The formidable European longsword – featuring a double-edged straight blade in excess of 40in, and capable of being used with one or both hands – remains one of the most impressive and distinctive edged weapons of the late medieval era. Also known as the ‘bastard’ sword and the ‘hand-and-a-half’ sword, the longsword evolved from the war swords and great swords of the 14th century, and emerged as a battlefield weapon in the early stages of the Hundred Years’ War. It went on to become a key weapon on the battlefields of late medieval Europe, creating a new system of sword fighting.
Drawing together period sources, modern technical analysis and his own experiences with the longsword, Neil Grant explores the origins, manufacture and evolving use of this iconic late-medieval edged weapon. Illustrated throughout with specially commissioned full-colour artwork and an array of period illustrations and close-up photographs, this is the enthralling story of one of late-medieval Europe's most distinctive and deadly close-combat weapons.

WPN: The PIAT
Designed in 1942, Britain’s innovative Projector, Infantry, Anti-Tank (PIAT) provided British and Commonwealth troops with a much-needed means of taking on Germany’s formidable Panzers. Replacing the inadequate Boys anti-tank rifle, it was conceived in the top-secret World War II research and development organization known colloquially as ‘Churchill’s Toyshop’, alongside other ingenious weapons such as the sticky bomb, the limpet mine and the time-pencil fuse.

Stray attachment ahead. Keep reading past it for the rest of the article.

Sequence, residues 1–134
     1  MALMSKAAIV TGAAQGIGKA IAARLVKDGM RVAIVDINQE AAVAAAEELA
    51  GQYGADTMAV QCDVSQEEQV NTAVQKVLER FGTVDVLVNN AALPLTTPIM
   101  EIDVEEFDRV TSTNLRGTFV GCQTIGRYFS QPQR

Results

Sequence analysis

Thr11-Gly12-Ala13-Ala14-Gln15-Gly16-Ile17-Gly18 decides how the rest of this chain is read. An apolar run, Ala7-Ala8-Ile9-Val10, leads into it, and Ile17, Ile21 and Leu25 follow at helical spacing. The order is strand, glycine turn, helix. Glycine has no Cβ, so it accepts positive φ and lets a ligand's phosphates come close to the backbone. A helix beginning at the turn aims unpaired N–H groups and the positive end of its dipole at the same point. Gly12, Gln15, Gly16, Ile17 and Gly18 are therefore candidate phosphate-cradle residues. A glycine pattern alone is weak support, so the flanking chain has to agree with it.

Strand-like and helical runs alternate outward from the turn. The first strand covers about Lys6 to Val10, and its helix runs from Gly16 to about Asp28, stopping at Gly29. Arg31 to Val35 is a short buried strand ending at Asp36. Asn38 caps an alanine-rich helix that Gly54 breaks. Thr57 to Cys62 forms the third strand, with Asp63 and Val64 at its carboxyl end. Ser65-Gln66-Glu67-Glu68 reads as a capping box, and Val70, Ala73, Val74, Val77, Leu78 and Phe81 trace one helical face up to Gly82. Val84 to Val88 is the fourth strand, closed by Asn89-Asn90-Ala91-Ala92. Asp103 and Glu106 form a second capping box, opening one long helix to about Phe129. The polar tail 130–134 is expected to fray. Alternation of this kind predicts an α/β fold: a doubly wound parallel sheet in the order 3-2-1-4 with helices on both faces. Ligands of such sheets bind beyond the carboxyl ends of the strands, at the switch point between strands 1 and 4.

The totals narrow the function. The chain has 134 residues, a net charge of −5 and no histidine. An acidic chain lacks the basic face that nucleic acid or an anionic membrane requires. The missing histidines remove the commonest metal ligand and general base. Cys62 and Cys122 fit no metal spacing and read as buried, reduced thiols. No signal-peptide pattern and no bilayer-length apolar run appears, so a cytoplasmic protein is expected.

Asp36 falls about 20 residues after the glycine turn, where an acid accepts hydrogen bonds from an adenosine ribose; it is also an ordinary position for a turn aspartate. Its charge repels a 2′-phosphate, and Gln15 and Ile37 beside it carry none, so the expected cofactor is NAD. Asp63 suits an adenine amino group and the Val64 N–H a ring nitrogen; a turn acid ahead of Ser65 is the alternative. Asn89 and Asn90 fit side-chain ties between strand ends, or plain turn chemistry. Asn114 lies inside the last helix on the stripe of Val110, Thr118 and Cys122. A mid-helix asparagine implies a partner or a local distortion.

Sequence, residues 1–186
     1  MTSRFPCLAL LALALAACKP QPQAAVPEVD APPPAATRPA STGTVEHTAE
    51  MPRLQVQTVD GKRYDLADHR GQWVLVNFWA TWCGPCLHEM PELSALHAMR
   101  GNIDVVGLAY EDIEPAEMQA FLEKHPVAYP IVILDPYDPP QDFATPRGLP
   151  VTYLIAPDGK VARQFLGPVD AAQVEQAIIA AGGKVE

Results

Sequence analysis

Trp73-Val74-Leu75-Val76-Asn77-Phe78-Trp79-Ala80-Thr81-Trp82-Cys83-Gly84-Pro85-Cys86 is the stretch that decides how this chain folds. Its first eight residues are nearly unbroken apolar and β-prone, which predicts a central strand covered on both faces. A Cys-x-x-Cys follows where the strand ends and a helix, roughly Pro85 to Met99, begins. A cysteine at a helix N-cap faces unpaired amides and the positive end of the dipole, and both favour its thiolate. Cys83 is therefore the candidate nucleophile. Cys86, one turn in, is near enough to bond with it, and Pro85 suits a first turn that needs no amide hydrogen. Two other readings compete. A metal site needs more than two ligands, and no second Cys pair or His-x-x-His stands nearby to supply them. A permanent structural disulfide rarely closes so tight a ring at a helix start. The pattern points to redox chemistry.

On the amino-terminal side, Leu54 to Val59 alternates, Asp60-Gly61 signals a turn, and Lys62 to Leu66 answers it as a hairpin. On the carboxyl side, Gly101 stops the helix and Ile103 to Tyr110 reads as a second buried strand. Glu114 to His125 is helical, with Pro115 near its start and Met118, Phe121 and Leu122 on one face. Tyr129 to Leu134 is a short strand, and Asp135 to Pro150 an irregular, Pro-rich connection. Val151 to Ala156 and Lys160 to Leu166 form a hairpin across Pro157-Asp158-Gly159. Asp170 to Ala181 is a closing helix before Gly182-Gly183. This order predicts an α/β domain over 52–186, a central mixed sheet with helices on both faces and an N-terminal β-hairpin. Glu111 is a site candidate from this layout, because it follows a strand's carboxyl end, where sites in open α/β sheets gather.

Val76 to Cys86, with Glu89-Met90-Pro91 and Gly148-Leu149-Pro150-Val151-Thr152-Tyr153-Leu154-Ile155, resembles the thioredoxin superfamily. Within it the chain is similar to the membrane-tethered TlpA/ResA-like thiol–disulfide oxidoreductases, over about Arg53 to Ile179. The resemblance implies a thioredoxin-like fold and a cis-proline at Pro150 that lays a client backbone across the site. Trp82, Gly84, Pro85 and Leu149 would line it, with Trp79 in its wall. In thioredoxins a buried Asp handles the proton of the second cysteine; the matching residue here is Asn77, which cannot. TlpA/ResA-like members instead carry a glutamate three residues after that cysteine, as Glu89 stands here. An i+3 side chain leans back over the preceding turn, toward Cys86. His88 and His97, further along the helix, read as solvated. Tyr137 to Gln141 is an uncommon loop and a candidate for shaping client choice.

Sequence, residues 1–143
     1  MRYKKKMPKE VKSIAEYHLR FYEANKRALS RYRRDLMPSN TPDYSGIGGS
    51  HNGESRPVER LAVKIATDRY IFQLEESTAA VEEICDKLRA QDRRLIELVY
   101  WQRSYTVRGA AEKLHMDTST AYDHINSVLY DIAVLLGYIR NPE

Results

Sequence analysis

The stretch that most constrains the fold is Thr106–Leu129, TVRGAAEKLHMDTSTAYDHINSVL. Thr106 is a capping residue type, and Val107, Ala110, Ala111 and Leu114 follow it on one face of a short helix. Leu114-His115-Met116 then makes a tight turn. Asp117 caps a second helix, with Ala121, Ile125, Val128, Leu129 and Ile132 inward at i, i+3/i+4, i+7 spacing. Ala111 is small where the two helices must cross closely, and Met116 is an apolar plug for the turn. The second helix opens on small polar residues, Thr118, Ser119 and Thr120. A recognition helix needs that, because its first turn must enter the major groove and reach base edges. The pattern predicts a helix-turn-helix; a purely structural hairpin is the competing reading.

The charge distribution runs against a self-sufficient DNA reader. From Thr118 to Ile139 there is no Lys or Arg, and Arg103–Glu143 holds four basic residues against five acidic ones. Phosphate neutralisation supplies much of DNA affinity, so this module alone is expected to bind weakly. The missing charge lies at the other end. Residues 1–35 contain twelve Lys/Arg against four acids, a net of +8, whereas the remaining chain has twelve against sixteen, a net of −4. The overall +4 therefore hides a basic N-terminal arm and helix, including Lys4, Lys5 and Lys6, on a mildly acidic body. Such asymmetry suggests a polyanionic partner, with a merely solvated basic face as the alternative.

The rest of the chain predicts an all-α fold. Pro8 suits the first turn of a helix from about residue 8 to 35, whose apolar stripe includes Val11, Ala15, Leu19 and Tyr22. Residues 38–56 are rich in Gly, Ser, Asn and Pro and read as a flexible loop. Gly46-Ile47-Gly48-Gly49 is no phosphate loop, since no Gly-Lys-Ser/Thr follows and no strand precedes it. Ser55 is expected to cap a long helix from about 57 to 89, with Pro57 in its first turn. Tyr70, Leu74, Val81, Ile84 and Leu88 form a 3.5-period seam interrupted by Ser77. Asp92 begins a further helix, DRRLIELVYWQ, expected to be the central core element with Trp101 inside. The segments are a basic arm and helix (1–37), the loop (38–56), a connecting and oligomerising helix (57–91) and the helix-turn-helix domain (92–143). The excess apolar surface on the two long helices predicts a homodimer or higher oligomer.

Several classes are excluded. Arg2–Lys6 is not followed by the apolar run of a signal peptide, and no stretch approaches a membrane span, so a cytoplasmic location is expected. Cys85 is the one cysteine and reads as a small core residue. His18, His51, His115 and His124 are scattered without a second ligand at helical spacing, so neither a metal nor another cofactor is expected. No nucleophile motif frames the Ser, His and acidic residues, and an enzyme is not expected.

Relying on a powerful spring to launch its ordnance, the PIAT had a limited effective range. Troops required nerves of steel to get close enough to an enemy tank to ensure a direct hit, often approaching to within 50ft of the target. A front-line weapon in every theatre of the conflict in which Commonwealth troops fought, from Europe to the Far East, the PIAT remained in service after 1945, seeing action with British troops during the Malayan Emergency, Greek Civil War and the Korean War. This illustrated study combines detailed research with expert analysis to reveal the full story of the design, development and deployment of this revolutionary weapon.

WPN: Weapons of the Civil War Cavalryman
During the American Civil War the mounted soldiers fighting on both sides carried a wide array of weapons, from sabers and lances to carbines, revolvers, and other firearms. Though some sections of the cavalry placed their trust in the saber, the advent of viable breechloading carbines – especially repeaters such as the Spencer – was to transform warfare within little more than a decade of General Lee’s final surrender at Appomattox. However, output struggled to keep up with unprecedented demands. In addition, almost unparalleled losses of men and equipment ensured that almost any firearm, effectual or not, could be pressed into service. The sheer variety of weaponry carried reflected the mounted soldiers’ various roles in different theaters of operation, but also the availability – or otherwise – of weapons, notably on the Confederate side.
Fully illustrated, this study assesses the effectiveness of the many different weapons arming the Civil War cavalryman and considers the decisions made after 1865 concerning the armament of the US cavalry.

WPN: Early Military Rifles
The military use of rifled firearms evolved together with the operational art of war in the century after 1740. The conduct of combat operations in open order during the 18th and 19th centuries required an improved firearm with more accuracy than the standard-issue smoothbore infantry musket. The appearance of a new type of regular light infantry soldier and an innovative military firearm – the rifle – marked the beginning of a new age in the history of warfare.